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Another Portland Blog

Tuesday, January 31, 2006

 

One last night at the old Driftwood Room




The Driftwood Room and the Hotel Mallory were set to close their doors earlier this afternoon at noon. I'm ashamed to say I didn't make enough trips down there after I became of drinking age. Each time I did though, eavesdropping yielded a least one bit of conversation worth remembering. A while back, I listened in as an off-duty mechanic revealed a recipe for what he called "perfect bar-b-cue sauce." One of the key ingredients? Mad Dog wine.

A trip down there late Saturday night did not disappoint and the Driftwood was filled with at least a few patrons worthy of Twin Peaks. While we there, a drunk middle-aged woman left her purse at the bar after heading upstairs with a guy that looked a lot like Ron "Hellboy" Perlman.




Looking at the array of strange bottles behind the bar, my eye caught one with a plain, white label towards the back. Sloe gin? That stuff really exists? Going off Jack Black and Loretta Lynn's recommendation, I ordered my first ever sloe gin fizz.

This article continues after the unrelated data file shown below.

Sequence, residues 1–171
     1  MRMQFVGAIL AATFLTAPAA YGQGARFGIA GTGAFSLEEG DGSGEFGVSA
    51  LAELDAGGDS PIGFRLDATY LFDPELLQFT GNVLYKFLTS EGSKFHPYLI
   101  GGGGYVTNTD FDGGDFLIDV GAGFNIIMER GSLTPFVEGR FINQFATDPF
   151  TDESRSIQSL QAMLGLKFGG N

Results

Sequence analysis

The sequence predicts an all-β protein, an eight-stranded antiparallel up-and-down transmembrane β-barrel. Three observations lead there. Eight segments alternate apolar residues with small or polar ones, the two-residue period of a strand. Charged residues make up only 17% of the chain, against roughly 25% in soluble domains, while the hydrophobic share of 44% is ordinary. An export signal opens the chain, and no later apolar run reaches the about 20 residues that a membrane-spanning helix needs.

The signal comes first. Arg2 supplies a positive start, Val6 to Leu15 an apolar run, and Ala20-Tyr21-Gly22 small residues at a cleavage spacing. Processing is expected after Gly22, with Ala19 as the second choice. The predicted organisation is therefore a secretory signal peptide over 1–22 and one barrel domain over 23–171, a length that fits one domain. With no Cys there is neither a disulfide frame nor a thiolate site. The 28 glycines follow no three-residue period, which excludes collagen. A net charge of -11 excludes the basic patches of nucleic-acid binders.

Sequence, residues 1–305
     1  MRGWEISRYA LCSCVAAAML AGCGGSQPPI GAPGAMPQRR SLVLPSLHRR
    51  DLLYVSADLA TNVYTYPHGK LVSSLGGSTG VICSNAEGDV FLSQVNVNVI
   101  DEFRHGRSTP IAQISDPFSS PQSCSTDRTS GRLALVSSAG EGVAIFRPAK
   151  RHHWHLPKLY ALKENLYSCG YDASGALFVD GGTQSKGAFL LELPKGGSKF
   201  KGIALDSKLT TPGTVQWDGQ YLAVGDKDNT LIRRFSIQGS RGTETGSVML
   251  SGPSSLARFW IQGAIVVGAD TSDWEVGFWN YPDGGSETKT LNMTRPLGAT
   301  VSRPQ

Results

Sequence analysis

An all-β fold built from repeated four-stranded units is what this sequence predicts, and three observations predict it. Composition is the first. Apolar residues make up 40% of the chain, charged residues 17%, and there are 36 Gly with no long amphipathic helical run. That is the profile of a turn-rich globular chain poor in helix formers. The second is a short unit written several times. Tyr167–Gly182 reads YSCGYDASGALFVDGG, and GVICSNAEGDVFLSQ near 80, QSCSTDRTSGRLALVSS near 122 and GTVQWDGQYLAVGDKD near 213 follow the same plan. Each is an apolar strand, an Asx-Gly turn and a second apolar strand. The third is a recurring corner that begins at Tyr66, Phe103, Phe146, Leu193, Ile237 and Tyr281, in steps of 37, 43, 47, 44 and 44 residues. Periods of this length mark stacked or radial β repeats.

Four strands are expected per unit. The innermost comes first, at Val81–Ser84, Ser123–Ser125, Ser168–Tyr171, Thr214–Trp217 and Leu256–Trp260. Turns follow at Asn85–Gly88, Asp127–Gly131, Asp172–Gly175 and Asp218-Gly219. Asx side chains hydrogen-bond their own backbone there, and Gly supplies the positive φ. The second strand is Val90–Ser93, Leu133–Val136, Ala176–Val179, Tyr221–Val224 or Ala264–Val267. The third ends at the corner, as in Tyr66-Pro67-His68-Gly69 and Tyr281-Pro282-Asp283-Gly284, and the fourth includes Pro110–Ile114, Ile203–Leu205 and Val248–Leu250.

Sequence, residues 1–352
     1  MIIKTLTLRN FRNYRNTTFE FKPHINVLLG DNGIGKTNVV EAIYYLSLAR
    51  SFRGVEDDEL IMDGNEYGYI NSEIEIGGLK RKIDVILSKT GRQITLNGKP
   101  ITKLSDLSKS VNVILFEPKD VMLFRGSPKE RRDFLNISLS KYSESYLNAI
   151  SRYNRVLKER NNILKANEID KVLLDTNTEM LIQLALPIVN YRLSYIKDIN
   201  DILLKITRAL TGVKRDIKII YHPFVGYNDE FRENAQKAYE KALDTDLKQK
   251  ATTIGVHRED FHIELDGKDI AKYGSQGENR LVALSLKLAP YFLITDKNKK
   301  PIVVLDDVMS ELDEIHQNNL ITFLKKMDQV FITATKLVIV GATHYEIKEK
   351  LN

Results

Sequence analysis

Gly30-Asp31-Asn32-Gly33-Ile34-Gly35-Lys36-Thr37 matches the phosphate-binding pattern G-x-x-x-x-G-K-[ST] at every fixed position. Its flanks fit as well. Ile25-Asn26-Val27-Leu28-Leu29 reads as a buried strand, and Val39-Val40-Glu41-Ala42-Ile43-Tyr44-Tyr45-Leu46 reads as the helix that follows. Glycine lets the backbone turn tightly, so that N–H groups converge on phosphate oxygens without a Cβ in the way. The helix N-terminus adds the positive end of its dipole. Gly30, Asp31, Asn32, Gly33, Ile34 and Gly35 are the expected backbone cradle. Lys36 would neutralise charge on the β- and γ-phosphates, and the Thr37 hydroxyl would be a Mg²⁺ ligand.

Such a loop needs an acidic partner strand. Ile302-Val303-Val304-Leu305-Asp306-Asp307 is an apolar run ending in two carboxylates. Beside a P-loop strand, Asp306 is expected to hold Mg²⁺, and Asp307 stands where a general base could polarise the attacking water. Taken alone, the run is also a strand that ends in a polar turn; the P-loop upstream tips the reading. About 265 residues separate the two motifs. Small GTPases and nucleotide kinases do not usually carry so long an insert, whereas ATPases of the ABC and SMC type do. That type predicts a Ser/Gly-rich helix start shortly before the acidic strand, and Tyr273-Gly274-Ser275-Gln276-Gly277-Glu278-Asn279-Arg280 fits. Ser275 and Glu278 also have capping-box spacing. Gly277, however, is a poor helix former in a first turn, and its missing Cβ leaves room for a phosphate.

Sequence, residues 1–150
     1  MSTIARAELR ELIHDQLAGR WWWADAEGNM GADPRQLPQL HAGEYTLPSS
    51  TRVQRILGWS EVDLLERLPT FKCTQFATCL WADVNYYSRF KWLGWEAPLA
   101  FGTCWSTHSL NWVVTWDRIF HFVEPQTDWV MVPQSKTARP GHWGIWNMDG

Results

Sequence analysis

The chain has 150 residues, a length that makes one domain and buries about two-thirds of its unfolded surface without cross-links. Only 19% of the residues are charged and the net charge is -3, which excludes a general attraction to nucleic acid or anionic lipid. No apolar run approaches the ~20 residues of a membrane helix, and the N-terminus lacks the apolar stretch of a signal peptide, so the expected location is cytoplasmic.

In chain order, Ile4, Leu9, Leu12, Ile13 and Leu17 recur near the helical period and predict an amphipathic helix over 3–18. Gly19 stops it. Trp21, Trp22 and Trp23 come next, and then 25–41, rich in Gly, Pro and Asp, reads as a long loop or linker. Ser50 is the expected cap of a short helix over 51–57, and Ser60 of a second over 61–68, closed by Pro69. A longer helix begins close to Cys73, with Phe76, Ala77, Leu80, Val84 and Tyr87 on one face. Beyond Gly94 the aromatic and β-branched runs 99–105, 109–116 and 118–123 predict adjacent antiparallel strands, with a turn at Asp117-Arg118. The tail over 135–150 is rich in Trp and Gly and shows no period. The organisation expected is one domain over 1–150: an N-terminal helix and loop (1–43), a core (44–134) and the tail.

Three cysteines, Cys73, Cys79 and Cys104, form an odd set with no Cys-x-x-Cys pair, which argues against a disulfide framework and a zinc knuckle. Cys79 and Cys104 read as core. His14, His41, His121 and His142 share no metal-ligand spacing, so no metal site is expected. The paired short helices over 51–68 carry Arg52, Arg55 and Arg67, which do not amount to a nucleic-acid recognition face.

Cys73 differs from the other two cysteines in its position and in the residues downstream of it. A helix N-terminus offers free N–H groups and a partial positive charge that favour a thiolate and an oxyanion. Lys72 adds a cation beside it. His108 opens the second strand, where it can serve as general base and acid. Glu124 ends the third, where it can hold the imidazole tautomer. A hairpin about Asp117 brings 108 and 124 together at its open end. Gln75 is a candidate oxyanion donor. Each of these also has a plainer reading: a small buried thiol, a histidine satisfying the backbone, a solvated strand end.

Verdict? Both too sweet and too tart but probably a good drink for a place filled with Baby Boomers looking to score. I asked the bartender who typically orders it. Creepy old guys and young woman apparently love the stuff.




I promptly spilled a substantial amount of the fizz after hitting the "Fault Line," a large crack in the bar that has caused many a drink to fall over the years. As another bartender later explained, the fault holds the bar, its ambiance and possibly even the whole universe together. From what I understood, I hadn't just spilled a drink. This was destiny, serendipity, nirvana and "meant to be" all rolled into one- a sacrifice to the Gods of Liqeur. Or something like that. He was screwing with us and we played along.

Sloe gin fizz. Ron Perlman. Sarcastic existential musing about perfectly good booze gone to waste. While your doors willl open again this summer, Driftwood Room, I get the feeling you'll never regain that old, weird "magic. You looked just like an airport lounge that hasn't been remodled since the '50s. And you always reminded me of that hotel bar in a certain Stanley Kubrick movie.




The Driftwood Room is dead (for the most part)! Long live the Driftwood Room!

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